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Colchicine in the Therapy of Cardiovascular Disease: The Bulgarian Contribution

2017.12.16 Няма коментари

by George N. Chaldakov*,

Scripta Scientifica Medica 2017 Dec; 49: xx-xx.

Original articles


Running title: Colchicine and cardiovascular diseases
Correspondence: [email protected]


Over the past decades, advances in the knowledge of colchicine about its mechanisms of cellular actions have led to potential new uses for this very old drug. Here, I present briefly the Bulgarian contribution to possible potential of microtubule-disassembling agents (antitubulins), such as colchicine, in the therapy of various cardiovascular diseases such as atherosclerosis, atrial fibrillation, pericarditis, cardiac hypertrophy-associated heart failure, and systemic necrotizing vasculitis.

Scr Sci Med 2017; 49 (4):xx-xx.

Keywords: colchicine, microtubules, antitubulins, cardiovascular disease, inflammation, fibrosis


The saga of Colchicum autumnale (commonly known as autumn crocus, meadow saffron or naked ladies), from which colchicine was extracted, has been around for some 3 000 years, as described by ancient writers as the remedy of choice for gout patients suffering debilitating pain due to acute arthritis. Today, this therapeutic effect is known to be due to its anti-inflammatory action. However, in the last 30-40  years colchicine has also  been used to treat familial Mediterranean fever (and related amyloidosis and recurrent pericarditis), Behçet’s disease, acute febrile neutrophilic dermatosis (Sweet’s syndrome), epidermolysis bullosa acquisita, leukocytoclastic vasculitis, aphthous stomatitis, also liver cirrhosis, scleroderma and other fibro-inflammatory diseases (1, 2).

Microtubules and colchicine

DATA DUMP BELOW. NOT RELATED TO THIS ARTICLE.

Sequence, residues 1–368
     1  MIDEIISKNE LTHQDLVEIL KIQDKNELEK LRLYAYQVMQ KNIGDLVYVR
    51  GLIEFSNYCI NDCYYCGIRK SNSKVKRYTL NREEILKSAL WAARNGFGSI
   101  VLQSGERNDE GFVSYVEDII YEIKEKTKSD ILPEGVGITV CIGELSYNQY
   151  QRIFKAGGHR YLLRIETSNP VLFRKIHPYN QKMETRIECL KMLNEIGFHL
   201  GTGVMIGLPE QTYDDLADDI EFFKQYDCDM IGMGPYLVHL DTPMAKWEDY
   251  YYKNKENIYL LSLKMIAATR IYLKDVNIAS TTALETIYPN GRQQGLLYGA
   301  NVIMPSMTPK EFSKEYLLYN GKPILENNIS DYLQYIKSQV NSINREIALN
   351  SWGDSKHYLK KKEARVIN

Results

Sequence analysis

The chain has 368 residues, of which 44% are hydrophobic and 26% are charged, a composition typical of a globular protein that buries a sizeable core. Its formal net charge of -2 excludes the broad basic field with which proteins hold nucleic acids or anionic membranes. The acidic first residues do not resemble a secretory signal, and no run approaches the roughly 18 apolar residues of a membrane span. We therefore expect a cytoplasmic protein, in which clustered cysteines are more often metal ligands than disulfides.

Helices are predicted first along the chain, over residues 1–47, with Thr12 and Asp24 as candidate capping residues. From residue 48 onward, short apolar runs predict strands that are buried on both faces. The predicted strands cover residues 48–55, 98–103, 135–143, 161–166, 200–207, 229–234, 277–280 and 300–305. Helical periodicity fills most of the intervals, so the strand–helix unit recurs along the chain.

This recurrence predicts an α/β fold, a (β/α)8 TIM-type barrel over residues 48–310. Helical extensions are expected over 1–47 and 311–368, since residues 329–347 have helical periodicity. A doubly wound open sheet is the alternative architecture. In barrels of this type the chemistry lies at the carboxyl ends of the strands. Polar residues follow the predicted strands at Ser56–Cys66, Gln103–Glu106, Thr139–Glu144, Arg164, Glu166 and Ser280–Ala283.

Cytoplasmic and spindle microtubules (MT) are 25 nm in diameter cytoskeletal structures composed of self-assembling dimers of α-tubulin and β-tubulin in collaboration with various MAP (MT-associated proteins). Colchicine binds to β-tubulin, resulting in the inhibition of formation  MT and/or disassembly of preformed MT. In effect, colchicine-sensitive processes are (i) for interphase cells, protein secretion (1-10), migration, inflammasome-mediated inflammation, receptor-mediated signaling, and (ii) for mitotic cells, proliferation, this latter effect being out of the scope of the present article.

The Bulgarian contribution

The concept of possible therapeutic potential of MT-disassembling agents (antitubulins), such as colchicine, has emerged in the Laboratory of Electron Microscopy, Department of Anatomy and Histology, Medical Institute, Varna, Bulgaria, studying the secretory function of vascular smooth muscle cells (3, 4, 6-10). Preliminary proof from data on the new concept was presented in a lecture delivered by the author at the International Symposium on Smooth Muscle of the Artery, held Heidelberg, Germany, October 1973, which was published in 1975 (3; see related papers in 1, 4-15).

From this time onward, the antitubulin concept has fully supported up to date (16-25). It has also been demonstrated that excess MT density is important for myocardial contractile dysfunction, suggesting that this may be one mechanism contributing to the development of heart failure due to cardiac hypertrophy. It appears that colchicine may restore the contractile activity of cardiomyocytes (26, 27).


The effectiveness of low-dose colchicine (referred to as LoDoCo) – oral colchicine at subantimitotic doses of 0.5 – 1.0 mg/daily – could become one of the breakthroughs in cardiovascular translational research. Further experimental and clinical studies will definitely be required before gaining real confidence in this kind of anti-tubulin therapy in cardiovascular disease. Colchicine is simply an example of this approach, which may lead to developing new and more specific drugs with anti-inflammatory and anti-fibrotic effects in cardiovascular disease, including coronary reocclusion after angioplasty and coronary artery bypass grafting.

However, we must recall Robert Frost’s refrain:



This Bulgarian contribution was made possible due to the staunch support and creative collaboration over the years of my brain-and-heart friends (BHF) Anna Kadar, Harry Jellinek, Peter I. Ghenev, Jörg Grünwald, Yasuo Uehara, YukioYamori, Takashi Fujiwara, Plamen Panayotov, Anton B. Tonchev and Stanislav Yanev. The linguistical improvement of the manuscript made by Professor Denys Wheatley (University of Aberdeen, UK) is greatly appreciated. I apologize to the authors of many relevant articles that have not been quoted here for reasons of brevity.

Colchicum autumnale

* Department of Anatomy and Cell Biology, Medical University, Varna, Bulgaria



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